GROW O'ahu

Island Style Gardening and Plant-Based Living


Leave a comment

Food Stuffs All Over the Yard

I’m a neglectful blogger and perhaps an even more neglectful gardener. This is my biggest selling point for planting permaculture style plants: no fuss required. I go out every few weeks and harvest food. That’s my gardening method. Because I’ve planted (or allowed to grow on their own) things like papaya, chard, chaya, banana, citrus, mamaki, kale, popolo berry, mint, oregano, mountain apple, asparagus and a few other things that can withstand some munching from bugs and still make food. Even more “annual” style plants like tomatoes, cucumbers, eggplant and beans, when mixed in with this bunch of other wildness needs very little care. Plant a seed or plant. Wait. Harvest food. That’s it.

I just wanted to share some photos of the food in the yard this morning. Not everything is “food” yet; the mountain apple tree has been eaten pretty badly, but there’s new growth, so it will bloom again. And our orange tree has tiny little green fruits for the first time. It’s like welcoming new friends 😀

Our first bananas! Originally from a keiki I got from a friend in our permaculture course

Our first bananas! Originally from a keiki I got from a friend in our permaculture course

Some of our many papayas!

Some of our many papayas!

Chaya on overload. Gonna have to eat some soon!

Chaya on overload. Gonna have to eat some soon!

One of our basils- got used in Thai curry last week

One of our basils- got used in Thai curry last week

The biggest daikon ever. :-)

The biggest daikon ever. 🙂

Baby strawberries! I have let these get a bit overgrown with "weeds" and now they are happy because slugs aren't eating them anymore

Baby strawberries! I have let these get a bit overgrown with “weeds” and now they are happy because slugs aren’t eating them anymore

From one tiny huli, this kalo is big now

From one tiny huli, this kalo is big now

Hiding among the "weeds"

Hiding among the “weeds”

Mamaki tea anyone?

Mamaki tea anyone?

Nasturtiums that keep blooming

Nasturtiums that keep blooming

TONS of mint

TONS of mint

Aloe for all the kids injuries

Aloe for all the kids injuries

New growth on the mountain apple tree after a season of getting eaten by something

New growth on the mountain apple tree after a season of getting eaten by something

New friends! Our citrus tree is finally fruiting

New friends! Our citrus tree is finally fruiting

Papaya! Eating this daily now, frozen in smoothies

Papaya! Eating this daily now, frozen in smoothies

Chard still producing after 2 years

Chard still producing after 2 years

Lemongrass needs cut back again...time for tea!

Lemongrass needs cut back again…time for tea!

Rosemary!

Rosemary!


5 Comments

Hugel-what?

A Hugelkultur of course! I first learned of this method during the Permaculture Design Course that I participated in earlier in 2013.  It was 72+ hours of sustainable, food, garden, method, awesomeness. A Hugelkultur is like the ultimate symbol of the essences of “permaculture” which is notoriously hard to define. It’s cheap, easier than digging beds, uses materials that are readily available on-site, it promotes bio-diversity and has a tendency to look a wee bit messy. All things I love 🙂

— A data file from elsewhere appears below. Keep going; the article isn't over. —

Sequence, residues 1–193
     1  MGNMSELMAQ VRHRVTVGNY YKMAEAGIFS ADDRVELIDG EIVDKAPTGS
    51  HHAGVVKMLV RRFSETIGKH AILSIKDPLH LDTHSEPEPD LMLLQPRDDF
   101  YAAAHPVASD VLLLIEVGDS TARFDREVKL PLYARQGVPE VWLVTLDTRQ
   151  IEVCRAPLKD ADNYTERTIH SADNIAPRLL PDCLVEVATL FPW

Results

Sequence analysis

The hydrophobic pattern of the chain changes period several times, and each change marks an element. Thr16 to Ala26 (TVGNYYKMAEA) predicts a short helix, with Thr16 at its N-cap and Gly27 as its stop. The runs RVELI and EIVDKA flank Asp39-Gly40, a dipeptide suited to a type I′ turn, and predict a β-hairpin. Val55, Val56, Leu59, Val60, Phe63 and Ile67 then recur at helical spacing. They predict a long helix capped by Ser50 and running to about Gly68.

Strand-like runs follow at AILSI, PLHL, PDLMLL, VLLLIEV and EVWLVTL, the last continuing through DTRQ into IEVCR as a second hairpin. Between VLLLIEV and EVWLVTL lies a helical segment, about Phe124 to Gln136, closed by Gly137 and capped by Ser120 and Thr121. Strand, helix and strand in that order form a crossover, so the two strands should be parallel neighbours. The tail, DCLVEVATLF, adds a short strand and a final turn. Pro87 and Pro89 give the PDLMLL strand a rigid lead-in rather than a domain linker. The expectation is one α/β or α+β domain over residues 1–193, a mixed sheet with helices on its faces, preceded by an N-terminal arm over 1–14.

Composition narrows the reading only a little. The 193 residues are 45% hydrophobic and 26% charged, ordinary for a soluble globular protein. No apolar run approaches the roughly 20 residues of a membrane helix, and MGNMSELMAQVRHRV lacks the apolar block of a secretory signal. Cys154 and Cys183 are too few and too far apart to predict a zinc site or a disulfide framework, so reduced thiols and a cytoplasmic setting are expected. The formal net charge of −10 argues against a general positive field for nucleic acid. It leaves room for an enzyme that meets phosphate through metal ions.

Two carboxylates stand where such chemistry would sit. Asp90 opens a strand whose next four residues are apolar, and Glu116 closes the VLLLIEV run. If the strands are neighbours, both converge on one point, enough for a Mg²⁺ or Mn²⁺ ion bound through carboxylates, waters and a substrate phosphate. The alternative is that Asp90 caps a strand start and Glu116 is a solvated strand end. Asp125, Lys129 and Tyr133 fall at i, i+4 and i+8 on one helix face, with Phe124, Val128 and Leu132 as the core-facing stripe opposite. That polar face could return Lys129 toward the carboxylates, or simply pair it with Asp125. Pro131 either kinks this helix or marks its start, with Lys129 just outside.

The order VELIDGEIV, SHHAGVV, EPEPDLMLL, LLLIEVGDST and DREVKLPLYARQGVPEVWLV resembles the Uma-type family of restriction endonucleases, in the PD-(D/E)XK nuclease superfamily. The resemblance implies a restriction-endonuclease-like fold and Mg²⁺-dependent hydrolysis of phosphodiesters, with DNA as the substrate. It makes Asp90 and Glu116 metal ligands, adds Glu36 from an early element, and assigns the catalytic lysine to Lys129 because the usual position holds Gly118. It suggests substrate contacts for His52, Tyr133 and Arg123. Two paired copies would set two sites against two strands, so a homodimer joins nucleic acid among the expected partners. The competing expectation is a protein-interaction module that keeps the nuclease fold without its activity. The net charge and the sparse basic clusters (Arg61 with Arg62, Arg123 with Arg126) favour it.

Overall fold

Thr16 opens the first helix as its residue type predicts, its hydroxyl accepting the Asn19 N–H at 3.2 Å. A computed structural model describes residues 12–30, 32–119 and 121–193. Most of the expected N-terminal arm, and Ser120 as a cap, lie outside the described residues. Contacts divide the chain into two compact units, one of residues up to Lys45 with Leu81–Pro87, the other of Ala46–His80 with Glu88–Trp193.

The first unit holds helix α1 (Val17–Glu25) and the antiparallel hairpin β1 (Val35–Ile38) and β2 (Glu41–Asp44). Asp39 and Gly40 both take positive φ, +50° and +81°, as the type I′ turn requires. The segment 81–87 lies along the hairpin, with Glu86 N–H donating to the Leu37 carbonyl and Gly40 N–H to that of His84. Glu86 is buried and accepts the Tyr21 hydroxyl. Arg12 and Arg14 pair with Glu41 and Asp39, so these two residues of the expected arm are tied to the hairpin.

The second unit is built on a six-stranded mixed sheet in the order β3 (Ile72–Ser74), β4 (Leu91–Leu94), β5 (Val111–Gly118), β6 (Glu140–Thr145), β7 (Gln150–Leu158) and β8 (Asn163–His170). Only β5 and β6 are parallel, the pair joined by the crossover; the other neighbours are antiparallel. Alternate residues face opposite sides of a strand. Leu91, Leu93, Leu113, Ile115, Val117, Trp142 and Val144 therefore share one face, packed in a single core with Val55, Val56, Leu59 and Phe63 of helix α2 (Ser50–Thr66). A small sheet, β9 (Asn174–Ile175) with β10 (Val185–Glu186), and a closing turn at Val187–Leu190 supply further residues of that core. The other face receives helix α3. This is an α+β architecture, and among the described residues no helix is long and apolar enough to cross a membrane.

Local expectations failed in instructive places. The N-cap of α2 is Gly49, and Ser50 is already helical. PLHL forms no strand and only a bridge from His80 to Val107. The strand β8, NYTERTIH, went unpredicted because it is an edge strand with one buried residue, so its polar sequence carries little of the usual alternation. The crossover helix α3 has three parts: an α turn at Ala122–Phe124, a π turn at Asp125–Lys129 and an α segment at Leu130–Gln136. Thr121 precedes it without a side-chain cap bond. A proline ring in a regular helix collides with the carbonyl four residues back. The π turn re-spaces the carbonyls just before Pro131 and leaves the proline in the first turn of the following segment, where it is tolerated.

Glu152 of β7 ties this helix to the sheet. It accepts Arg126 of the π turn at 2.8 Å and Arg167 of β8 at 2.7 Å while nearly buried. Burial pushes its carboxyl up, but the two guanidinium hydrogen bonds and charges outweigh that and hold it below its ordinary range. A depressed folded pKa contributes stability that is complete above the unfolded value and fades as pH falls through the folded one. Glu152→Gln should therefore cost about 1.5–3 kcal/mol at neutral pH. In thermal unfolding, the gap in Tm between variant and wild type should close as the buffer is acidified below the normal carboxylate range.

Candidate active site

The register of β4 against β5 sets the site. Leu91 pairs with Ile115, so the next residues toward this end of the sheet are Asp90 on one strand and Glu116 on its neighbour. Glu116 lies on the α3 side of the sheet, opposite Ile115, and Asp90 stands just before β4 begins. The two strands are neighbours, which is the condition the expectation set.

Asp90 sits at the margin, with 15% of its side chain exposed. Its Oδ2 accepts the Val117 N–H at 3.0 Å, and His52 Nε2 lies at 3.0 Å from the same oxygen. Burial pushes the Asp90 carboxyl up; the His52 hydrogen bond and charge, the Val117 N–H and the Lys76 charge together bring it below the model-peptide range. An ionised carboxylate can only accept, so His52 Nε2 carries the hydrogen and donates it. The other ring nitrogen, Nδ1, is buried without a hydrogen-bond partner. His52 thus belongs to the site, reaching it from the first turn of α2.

This method of growing is great for places that you don’t want to water as much or like we did, have annoying stumps that would be labor intensive to remove.  Check out other images here: http://rescape.co.nz/methods/hugelkultur/

The house we moved into about 6 months ago now (my reason for a long blogging hiatus!) had these seriously annoying areca palm stumps in the front yard. Someone got the brilliant idea to chainsaw these guys, but not all the way down and didn’t remove them. Areca palms do not really grow back- they might get a few leaves again, but they will never be full like they were before after a massacre like this! And they were dangerous- sharp spiky bits sticking out everywhere with little kids running around wasn’t very safe.

Stumps!

Stumps!

So we set to chopping them down a bit farther, piling the large pieces up and then added grass clippings, mulch, some compost starter, kitchen scraps and scraped a layer out of the chicken pen and added that too.

The "mound" with added clippings and compost.

The “mound” with added clippings and compost.

We ended up with a nice little mound and transplanted many of the plants we had brought with us from our other house. I wanted a lot of bio-diversity, so there’s herbs, flowers, some aloe and few native species like Popolo berry.

Transplants and lined the mound with color pots.

Transplants and lined the mound with color pots.

Here it is, only 5 months later! This thing is so happy. All the plants thrive, it takes hardly any watering at all and with the exception of a few mealybugs, there are no pests in this bed. The bees love it! Butterflies have started hanging around as well.  Our Hugelkultur is a success and if you find yourself plagued by stumps- do the easy, lazy gardeners permaculture way and build one of these!

About half of the plants here are edibles!

About half of the plants here are edibles!


Leave a comment

Soil: Source of All Life

image

IMAG1967

The beautiful valley

Part 2 of 6:  The second weekend of our Permaculture Design Course was a wee bit different than the first, by the clever design of our instructors.  Two weeks ago we met in a lush, vibrant, life-filled valley, and were guided by Master Farmers who have been on that piece of land for over 30 years.